Of course, the short connection to earth ground makes a protector effective. No earth ground means no effective protection. Protectors do not provide protection. Every effective protector diverts (connects, shunts) surges harmlessly into earth. Earth ground means energy from direct lightning strikes is harmlessly dissipated without entering the building. A protector is only as effective as its earth ground which is why some manufactures promote mythical warranties hoping to deceive the nave. Verify that breaker box earthing both meets and exceeds post 1990 codes and that all incoming utility 'whole house' protectors (such as the required one provided free by the telco) also make a short connection to same earthing. A 'whole house' protector that costs tens or even 100 times less money means everything (including critical items such as the furnace and smoke detectors) are also protected. Even the dishwasher is protected. A $10 recommendation costs more money, does not even claim to protect, and is known to be ineffective when one does not worry about irrelevant nonsense such as top posting. One 'whole house' protector is the least expensive and best protector if properly earthed. Provided are some other and maybe better alternatives. Critically import is the earthing of other surge protected utilities also 'less than 10 feet' to the same earth ground. Ground being the reason why whole house protectors are so effective. Higher joules means longer protector life expectancy.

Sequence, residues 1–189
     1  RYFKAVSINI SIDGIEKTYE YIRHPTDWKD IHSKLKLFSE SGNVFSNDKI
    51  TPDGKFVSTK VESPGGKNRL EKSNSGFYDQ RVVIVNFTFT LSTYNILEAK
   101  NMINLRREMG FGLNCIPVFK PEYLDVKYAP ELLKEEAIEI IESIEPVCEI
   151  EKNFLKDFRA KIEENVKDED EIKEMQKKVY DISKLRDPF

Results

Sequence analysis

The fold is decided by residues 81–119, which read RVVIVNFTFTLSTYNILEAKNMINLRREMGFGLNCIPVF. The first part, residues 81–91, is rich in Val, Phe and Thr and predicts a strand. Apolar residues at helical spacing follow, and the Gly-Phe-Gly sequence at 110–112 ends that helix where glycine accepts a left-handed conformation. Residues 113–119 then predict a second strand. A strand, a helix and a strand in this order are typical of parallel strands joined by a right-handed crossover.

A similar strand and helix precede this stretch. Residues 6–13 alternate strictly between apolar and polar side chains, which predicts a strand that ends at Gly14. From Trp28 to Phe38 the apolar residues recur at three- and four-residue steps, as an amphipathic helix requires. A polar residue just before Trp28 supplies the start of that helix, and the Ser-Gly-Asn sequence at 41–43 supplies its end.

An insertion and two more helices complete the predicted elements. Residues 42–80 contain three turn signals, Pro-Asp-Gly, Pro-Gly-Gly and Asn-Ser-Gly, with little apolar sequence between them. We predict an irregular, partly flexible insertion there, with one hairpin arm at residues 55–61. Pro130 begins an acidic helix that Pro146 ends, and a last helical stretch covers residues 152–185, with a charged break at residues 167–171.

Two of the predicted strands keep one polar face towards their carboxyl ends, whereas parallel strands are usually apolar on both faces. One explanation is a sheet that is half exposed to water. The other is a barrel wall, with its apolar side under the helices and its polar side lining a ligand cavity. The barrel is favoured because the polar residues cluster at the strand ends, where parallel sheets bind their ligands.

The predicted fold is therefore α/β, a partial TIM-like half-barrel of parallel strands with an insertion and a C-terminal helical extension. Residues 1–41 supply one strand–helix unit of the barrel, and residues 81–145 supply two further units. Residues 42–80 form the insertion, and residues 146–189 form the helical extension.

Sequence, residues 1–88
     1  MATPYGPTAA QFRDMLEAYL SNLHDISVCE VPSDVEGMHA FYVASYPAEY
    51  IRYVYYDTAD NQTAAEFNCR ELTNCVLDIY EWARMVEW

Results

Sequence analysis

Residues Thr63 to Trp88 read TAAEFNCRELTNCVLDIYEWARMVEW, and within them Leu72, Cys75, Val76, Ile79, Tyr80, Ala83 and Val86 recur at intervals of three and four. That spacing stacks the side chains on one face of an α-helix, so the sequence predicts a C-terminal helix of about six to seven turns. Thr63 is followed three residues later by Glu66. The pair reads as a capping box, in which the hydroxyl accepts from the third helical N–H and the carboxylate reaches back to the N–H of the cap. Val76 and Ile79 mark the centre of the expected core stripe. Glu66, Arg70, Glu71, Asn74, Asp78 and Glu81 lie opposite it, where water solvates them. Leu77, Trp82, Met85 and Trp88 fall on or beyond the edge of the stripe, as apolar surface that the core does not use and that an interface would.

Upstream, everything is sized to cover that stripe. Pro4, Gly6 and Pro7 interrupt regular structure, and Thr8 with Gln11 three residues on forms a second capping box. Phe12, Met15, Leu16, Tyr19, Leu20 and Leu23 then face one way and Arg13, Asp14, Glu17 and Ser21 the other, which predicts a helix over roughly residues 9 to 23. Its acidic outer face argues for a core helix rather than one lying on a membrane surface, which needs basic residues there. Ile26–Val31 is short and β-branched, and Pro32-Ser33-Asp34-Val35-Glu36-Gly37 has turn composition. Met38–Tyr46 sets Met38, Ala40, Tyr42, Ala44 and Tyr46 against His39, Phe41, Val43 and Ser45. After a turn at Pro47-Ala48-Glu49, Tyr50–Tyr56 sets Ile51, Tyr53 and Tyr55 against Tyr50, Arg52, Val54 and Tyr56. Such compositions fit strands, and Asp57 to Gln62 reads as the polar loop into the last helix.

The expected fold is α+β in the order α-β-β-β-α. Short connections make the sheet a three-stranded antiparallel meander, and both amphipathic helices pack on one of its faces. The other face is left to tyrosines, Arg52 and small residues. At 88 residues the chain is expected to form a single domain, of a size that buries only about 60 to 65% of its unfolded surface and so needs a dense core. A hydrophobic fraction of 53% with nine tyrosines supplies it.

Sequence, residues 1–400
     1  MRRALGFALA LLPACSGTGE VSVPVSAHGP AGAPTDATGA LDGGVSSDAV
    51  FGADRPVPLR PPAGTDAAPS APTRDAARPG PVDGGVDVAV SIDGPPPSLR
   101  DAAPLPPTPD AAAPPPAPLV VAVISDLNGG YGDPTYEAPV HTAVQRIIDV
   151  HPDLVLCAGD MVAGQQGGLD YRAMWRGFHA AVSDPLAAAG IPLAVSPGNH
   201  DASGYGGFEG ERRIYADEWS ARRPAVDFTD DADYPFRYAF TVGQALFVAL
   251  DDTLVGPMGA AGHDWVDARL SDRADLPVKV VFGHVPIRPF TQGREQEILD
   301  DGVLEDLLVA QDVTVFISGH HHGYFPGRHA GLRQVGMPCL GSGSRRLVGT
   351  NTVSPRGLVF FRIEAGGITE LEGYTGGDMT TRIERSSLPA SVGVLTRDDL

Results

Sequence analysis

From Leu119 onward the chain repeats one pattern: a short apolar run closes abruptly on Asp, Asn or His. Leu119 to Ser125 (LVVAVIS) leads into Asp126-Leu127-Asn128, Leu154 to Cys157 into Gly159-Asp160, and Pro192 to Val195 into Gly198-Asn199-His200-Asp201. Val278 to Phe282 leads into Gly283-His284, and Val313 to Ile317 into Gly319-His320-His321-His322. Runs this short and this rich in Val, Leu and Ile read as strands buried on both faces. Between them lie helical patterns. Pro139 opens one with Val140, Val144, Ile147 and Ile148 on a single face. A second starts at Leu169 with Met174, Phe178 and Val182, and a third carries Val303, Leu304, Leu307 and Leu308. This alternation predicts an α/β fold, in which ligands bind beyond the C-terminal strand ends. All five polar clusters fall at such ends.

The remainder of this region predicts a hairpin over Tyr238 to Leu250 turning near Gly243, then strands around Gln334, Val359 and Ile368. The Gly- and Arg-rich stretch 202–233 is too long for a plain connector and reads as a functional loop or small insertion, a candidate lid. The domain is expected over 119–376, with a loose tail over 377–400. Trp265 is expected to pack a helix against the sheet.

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wrote:

Both do same. Both connect surges 'less than 10 feet' into earth ground if properly installed. However one has a higher joules rating. Therefore would have a longer life expectancy.